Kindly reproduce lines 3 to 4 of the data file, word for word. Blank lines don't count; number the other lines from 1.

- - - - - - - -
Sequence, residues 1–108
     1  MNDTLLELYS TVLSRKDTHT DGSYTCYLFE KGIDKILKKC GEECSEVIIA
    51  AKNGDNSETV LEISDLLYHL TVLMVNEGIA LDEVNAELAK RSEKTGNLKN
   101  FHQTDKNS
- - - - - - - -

    51  AKNGDNSETV LEISDLLYHL TVLMVNEGIA LDEVNAELAK RSEKTGNLKN
   101  FHQTDKNS